[Federal Register: October 17, 2005 (Volume 70, Number 199)]
[Page 60364-60365]
From the Federal Register Online via GPO Access [wais.access.gpo.gov]



Fish and Wildlife Service

Draft Comprehensive Conservation Plan and Environmental Impact 
Statement for Crab Orchard National Wildlife Refuge (NWR), Williamson, 
Jackson, and Union Counties, IL

AGENCY: Fish and Wildlife Service, Interior.

ACTION: Notice of availability.


SUMMARY: The Fish and Wildlife Service announces that the Draft 
Comprehensive Conservation Plan (CCP) and Environmental Impact 
Statement (EIS) is available for Crab Orchard NWR, Illinois.
    The CCP/EIS was prepared pursuant to the National Wildlife Refuge 
System Administration Act of 1996, as amended by the National Wildlife 
Refuge System Improvement Act of 1997, and the National Environmental 
Policy Act of 1969. Goals and Objectives in the CCP describe how the 
agency intends to manage the refuge over the next 15 years.

DATES: Comments on the Draft CCP/EIS must be received on or before 
January 17, 2006.

ADDRESSES: Copies of the Draft CCP/EIS are available on compact disk or 
hard copy, you may obtain a copy by writing to: Fish and Wildlife 
Service, Division of Conservation Planning, Bishop Henry Whipple 
Federal Building, 1 Federal Drive, Fort Snelling, Minnesota 55111 or 
you may access and download a copy via the planning Web site at http://www.fws.gov/midwest/planning/craborchard/index.html

    All comments should be addressed to Crab Orchard National Wildlife 
Refuge, Attention: CCP Comment, 8588 Route 148, Marion, IL 62959, or 
direct e-mail to r3planning@fws.gov. Comments may also be submitted 
through the Service's regional Web site at http://www.fws.gov/midwest/planning


SUPPLEMENTARY INFORMATION: Located in southern Illinois and consisting 
of 43,888 acres, Crab Orchard NWR was established in 1947. In late 2000 
we asked citizens for their ideas on what the comprehensive 
conservation plan should include and the issues that should be 
addressed. We gave citizens the opportunity to comment at open houses 
and through written comments. In three meetings early in 2001, we asked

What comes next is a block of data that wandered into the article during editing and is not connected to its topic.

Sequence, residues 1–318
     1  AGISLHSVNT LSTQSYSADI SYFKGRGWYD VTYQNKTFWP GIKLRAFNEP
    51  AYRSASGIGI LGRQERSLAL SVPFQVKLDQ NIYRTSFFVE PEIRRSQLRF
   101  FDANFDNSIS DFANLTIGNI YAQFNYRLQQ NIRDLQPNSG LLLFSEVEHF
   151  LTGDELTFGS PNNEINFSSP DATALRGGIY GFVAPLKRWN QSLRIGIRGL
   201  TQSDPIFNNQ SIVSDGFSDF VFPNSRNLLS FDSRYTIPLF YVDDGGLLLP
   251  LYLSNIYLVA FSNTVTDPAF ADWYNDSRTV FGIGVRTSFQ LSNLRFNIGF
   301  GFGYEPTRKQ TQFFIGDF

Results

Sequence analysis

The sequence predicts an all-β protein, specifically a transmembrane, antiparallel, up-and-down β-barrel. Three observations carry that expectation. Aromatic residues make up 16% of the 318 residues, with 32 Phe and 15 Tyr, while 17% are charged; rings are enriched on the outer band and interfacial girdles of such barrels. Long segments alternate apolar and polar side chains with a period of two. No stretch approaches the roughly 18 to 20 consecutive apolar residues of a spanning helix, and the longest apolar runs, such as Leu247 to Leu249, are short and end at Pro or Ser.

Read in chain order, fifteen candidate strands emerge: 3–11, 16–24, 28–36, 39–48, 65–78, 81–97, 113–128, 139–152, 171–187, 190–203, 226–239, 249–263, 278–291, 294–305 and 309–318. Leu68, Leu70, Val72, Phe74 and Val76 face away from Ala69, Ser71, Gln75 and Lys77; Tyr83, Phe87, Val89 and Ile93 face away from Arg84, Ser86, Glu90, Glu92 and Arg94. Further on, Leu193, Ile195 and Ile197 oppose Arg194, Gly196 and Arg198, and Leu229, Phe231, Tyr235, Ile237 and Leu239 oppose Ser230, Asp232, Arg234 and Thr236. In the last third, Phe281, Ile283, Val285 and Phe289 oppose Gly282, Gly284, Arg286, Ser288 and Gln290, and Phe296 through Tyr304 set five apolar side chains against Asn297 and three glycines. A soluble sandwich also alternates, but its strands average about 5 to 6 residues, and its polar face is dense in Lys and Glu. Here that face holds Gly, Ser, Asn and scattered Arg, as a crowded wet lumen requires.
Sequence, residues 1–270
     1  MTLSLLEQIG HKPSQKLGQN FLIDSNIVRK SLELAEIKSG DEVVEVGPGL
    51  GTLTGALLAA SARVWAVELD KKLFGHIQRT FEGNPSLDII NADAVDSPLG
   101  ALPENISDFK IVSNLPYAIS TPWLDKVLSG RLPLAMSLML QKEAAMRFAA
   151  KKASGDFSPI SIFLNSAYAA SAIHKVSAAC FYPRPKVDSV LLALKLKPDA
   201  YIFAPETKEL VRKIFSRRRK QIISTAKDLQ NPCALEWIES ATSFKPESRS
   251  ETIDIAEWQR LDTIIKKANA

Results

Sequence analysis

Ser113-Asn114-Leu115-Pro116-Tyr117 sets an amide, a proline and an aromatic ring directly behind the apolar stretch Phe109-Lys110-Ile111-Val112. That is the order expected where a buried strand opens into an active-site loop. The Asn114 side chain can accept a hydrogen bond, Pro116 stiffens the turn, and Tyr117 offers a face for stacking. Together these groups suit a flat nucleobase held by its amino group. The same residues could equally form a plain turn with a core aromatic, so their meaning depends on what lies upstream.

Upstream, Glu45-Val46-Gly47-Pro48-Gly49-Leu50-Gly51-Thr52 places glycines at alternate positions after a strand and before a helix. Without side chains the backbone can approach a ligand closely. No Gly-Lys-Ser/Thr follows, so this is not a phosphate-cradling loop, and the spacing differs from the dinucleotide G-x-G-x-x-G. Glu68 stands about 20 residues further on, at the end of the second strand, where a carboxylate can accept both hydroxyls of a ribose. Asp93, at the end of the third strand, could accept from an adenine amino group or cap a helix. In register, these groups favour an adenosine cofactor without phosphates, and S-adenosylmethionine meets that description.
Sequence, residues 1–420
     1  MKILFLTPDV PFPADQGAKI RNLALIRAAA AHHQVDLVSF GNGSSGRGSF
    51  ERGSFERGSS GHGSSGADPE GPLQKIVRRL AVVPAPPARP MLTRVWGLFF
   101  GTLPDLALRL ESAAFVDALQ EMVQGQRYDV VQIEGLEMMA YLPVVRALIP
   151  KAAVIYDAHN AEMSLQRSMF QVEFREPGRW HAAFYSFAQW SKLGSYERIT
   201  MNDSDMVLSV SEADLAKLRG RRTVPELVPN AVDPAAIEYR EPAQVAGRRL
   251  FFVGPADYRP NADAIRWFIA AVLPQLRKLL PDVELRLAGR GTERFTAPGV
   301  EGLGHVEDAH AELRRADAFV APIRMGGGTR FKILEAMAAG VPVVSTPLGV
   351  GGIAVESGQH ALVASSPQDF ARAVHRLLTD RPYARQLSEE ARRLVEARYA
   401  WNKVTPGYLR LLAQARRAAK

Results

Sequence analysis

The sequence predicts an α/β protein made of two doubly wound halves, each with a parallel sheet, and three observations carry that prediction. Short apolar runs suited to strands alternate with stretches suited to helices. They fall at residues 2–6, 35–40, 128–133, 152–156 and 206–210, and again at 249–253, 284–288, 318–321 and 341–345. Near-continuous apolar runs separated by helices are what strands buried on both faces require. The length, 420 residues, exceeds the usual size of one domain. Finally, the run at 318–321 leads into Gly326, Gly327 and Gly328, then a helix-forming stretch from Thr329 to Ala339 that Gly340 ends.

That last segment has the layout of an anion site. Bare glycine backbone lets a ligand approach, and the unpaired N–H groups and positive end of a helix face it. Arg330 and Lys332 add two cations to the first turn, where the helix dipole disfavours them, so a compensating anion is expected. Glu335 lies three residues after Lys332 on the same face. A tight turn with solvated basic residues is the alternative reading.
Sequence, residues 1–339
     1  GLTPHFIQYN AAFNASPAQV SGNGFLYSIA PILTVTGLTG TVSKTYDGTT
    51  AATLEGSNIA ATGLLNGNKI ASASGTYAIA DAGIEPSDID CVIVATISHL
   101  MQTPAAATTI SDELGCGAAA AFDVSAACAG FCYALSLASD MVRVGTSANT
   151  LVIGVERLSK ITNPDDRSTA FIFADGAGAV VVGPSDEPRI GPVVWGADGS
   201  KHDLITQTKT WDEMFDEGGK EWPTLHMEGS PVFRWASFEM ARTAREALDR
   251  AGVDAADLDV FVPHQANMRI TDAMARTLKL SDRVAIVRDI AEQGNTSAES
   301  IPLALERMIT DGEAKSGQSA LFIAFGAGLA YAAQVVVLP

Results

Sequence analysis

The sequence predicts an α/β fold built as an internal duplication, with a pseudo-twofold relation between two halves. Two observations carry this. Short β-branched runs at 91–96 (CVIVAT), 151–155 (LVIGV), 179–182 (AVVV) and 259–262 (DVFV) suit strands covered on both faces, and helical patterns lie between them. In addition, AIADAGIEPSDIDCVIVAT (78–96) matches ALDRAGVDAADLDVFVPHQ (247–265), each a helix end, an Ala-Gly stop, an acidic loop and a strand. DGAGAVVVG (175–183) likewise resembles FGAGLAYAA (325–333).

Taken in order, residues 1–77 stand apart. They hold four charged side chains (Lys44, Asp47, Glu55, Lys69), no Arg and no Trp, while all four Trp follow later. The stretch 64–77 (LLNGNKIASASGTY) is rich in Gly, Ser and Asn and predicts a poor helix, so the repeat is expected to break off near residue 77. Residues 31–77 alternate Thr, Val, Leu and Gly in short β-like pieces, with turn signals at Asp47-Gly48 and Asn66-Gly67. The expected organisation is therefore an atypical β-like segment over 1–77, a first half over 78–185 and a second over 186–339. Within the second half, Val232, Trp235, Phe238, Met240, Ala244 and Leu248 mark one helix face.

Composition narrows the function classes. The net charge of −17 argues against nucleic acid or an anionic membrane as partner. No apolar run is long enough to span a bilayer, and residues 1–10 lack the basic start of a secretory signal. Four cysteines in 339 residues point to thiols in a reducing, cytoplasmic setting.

a diverse group of stakeholders to identify and prioritize issues 
facing the Refuge.
    Five alternative approaches to management, including a Preferred 
Alternative and a No Action (Current Management) Alternative, were 
considered for Crab Orchard National Wildlife Refuge. The five 
alternatives are described and evaluated in the Draft EIS. All 
alternatives would achieve the Refuge's purposes of wildlife 
conservation, agriculture, recreation, and industry. Under all 
alternatives, group camps and most non-wildlife dependent recreation 
would remain; technical rock climbing would be prohibited; a modified 
recreational fee structure would be implemented; a 14-day camping limit 
would be instituted; management of sport fish populations would 
continue; use of prescribed fire would increase; and the agricultural 
acres would not change by more than 5 percent. All alternatives would 
maintain food required for wintering Canada geese. Alternative A would 
continue the present course of management. Alternative B would reduce 
habitat fragmentation and emphasize wildlife-dependent recreation. A 
land exchange with Southern Illinois University would be a significant 
part of this alternative. Alternative C would emphasize management of 
open lands and consolidate and improve recreation facilities. 
Alternative D would emphasize management of forest lands and 
consolidate and improve recreation facilities. Alternative E, the 
preferred alternative, would reduce habitat fragmentation and 
consolidate and improve recreation facilities. Conflicts among water 
users would be addressed by increasing areas designated as no-wake 
zones and better enforcement of current use zoning regulations. The 
quality of campgrounds and marinas would be increased by consolidating 
and improving them. The agricultural program would remain largely as is 
and its economic effect continues. The industrial program would 
continue to support the munitions manufacturing industry. By 
encouraging other industries to locate in nearby industrial parks, the 
economic effect of the industry would remain in the local economy, and 
the needs of the industry would be met more efficiently. Increased 
efforts would be made to talk with and listen to the community.
    The National Wildlife Refuge System Administration Act of 1966, as 
amended by the National Wildlife Refuge System

[[Page 60365]]

Improvement Act of 1997 (16 U.S.C. 668dd-668ee et seq.), requires the 
Service to develop a CCP for each National Wildlife Refuge. The purpose 
in developing a CCP is to provide refuge managers with a 15-year 
strategy for achieving refuge purposes and contributing toward the 
mission of the National Wildlife Refuge System, consistent with sound 
principles of fish and wildlife management, conservation, legal 
mandates, and Service policies. In addition to outlining broad 
management direction for conserving wildlife and their habitats, the 
CCP identifies wildlife-dependent recreational opportunities available 
to the public, including opportunities for hunting, fishing, wildlife 
observation and photography, and environmental education and 
interpretation. We will review and update these CCPs at least every 15 
years in accordance with the National Wildlife Refuge System 
Administration Act of 1966, as amended by the National Wildlife Refuge 
System Improvement Act of 1997, and the National Environmental Policy 
Act of 1969 (42 U.S.C. 4321-4370d).

    Dated: August 16, 2005.
Robyn Thorson,
Regional Director, Region 3, Fish and Wildlife Service, Ft. Snelling, 
[FR Doc. 05-20684 Filed 10-14-05; 8:45 am]